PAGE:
Foraging Wild Greens: Wild Leek

Photo of Wild Leek patch

I recently located my first local population of Wild Leeks (Allium tricoccum). I'd probably driven past the patch hundreds of times without seeing it, but for some reason (perhaps the Wild Leeks poked my subconscious) one day earlier this month, I pulled over to investigate a lush green carpet. Up close, I quickly recognized this broad-leaved, native perennial of the Onion (Alliaceae) family. After confirming that the plant smelled and tasted strongly like garlic, I harvested about a dozen leaves for Jenny and me to enjoy over the next few days.

Photo of Wild Leeks

It's been several years since my introduction to Wild Leeks, also known as Ramps, which came during a foraging outing in western Maine with Arthur Haines. We moved mindfully through a river floodplain forest (there was plenty of Poison-ivy around) to find an expanse of Wild Leeks. We gathered just a few to season our evening soup. That soup, coupled with clay-baked, pit-cooked chicken made for a memorable meal!

Photo of Wild Edibles Soup

Foraging Wild Leeks requires more than just finding and properly identifying the species. Care must also be taken to ensure that foraging will not adversely affect the long-term viability of the population (in fact, it should enhance it). Thankfully, Arthur has shared vital life-cycle information and harvesting best practices for Wild Leeks in one of his books, as well as in an article called Conscientious Collection of Wild Leeks. Here are some takeaways from the article, though I recommend you read the whole thing yourself:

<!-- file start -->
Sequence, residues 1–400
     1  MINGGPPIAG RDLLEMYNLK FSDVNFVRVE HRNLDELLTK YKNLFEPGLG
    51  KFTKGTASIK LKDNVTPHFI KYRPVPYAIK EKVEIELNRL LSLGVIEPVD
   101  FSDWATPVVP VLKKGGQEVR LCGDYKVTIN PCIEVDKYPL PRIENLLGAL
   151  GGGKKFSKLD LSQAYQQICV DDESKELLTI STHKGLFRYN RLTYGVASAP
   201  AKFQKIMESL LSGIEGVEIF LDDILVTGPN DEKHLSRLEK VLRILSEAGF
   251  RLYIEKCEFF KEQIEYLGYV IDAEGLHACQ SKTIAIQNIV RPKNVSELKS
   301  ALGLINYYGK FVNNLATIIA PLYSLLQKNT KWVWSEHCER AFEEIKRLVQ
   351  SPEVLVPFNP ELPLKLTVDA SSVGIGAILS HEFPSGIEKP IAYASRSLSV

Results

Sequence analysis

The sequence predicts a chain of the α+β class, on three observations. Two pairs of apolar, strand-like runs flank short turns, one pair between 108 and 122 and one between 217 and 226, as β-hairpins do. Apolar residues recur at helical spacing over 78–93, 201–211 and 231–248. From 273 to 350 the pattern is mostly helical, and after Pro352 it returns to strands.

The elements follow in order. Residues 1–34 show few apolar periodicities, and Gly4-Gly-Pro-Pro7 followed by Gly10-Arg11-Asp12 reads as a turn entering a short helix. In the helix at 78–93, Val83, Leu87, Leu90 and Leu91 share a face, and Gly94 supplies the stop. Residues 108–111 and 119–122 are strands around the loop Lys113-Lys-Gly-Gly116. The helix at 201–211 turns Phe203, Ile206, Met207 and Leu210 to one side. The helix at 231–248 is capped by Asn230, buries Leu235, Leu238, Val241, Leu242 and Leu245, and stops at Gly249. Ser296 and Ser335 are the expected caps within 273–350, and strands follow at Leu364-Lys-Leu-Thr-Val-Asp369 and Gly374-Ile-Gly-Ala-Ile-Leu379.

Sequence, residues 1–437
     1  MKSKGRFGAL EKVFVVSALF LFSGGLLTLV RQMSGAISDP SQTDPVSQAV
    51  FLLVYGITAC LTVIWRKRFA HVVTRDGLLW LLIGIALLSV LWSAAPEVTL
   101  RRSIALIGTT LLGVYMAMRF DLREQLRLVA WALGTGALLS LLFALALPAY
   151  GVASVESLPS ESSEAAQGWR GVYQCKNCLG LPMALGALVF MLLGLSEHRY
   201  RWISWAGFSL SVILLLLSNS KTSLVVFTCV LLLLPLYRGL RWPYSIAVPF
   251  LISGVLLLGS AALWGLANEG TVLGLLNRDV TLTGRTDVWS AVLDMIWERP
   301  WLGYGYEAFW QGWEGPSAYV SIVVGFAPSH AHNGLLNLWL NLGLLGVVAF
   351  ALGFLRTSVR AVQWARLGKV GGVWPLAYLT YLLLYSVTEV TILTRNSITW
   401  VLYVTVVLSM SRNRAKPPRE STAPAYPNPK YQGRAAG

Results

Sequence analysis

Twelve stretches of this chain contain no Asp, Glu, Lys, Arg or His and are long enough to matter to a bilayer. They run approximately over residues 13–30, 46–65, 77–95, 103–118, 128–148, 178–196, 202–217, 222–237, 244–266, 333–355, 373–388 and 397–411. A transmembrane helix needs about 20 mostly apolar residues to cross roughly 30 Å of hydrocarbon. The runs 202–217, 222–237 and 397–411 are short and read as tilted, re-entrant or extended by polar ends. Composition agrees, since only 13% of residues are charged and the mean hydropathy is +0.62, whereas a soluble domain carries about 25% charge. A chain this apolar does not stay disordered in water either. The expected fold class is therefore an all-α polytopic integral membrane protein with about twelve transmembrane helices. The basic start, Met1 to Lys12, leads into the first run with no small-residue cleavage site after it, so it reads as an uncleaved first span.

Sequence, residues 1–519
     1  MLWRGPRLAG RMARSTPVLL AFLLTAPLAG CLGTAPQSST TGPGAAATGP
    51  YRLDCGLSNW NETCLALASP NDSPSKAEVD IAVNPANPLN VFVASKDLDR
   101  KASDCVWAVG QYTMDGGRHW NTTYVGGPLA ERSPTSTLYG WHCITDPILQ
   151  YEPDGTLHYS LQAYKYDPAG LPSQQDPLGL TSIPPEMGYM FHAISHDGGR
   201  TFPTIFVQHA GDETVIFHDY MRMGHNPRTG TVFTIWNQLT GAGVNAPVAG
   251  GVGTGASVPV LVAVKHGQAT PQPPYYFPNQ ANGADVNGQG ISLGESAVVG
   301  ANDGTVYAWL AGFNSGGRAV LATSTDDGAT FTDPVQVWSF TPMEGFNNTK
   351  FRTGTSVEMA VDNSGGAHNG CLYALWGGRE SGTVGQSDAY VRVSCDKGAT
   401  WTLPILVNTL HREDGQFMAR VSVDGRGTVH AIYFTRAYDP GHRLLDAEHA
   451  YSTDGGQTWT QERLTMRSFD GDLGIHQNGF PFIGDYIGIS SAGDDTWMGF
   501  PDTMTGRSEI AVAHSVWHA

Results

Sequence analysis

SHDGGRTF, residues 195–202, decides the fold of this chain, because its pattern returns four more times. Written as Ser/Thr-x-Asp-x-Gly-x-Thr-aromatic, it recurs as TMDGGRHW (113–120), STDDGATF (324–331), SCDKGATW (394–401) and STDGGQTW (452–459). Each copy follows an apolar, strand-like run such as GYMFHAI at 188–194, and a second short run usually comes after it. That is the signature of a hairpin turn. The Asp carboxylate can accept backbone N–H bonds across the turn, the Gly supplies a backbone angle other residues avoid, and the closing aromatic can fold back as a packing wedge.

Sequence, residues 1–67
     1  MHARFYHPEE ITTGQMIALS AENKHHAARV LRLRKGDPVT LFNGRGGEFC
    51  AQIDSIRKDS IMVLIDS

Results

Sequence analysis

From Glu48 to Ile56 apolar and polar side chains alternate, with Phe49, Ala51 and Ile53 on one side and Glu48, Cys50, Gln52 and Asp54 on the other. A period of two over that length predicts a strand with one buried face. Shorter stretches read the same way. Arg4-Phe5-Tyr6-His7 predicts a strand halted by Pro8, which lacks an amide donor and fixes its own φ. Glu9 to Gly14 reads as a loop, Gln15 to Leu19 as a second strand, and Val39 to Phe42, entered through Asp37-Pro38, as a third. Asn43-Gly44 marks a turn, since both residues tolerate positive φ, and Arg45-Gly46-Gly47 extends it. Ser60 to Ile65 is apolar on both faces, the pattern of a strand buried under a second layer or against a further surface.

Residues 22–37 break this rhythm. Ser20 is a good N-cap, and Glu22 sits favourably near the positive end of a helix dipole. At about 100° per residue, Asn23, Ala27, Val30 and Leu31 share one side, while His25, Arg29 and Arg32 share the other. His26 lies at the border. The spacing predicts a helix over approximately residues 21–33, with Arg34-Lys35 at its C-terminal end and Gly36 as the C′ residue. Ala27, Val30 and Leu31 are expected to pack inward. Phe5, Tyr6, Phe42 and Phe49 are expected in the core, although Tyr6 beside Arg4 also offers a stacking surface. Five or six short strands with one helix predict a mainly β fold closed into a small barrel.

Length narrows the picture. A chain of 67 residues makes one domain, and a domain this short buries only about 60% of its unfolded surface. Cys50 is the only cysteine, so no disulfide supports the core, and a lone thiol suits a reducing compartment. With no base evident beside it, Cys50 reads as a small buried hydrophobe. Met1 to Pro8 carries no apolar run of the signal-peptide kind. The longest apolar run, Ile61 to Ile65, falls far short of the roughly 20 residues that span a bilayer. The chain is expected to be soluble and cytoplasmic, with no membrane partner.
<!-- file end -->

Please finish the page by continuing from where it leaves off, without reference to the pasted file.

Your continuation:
• In spring, gather at most one leaf per plant -- do not gather bulbs, which are small at this time.
  • Avoid purchasing Wild Leeks from supermarkets in spring, as commercial harvesters typically dig entire plants.
  • Bulbs may be gathered in fall, if found in safe soils, if the population of plants allows for this lethal collection, and if coupled with spreading the species' newly ripened seeds in the disturbed soil.

Photo of Ancestral Plants by Arthur HainesAn additional piece of advice mentioned in volume 1 of Ancestral Plants (available as an eBook for only $11) is to cut off the root crown (the bottom part of the bulb) and replant it. In some cases, a Wild Leek can re-grow from such a cutting.

When done with care and respect, foraging is not just nourishing to the forager, but also beneficial to the plant communities being foraged. Thanks, Arthur, for your teachings on how to honor the lovely Wild Leek.

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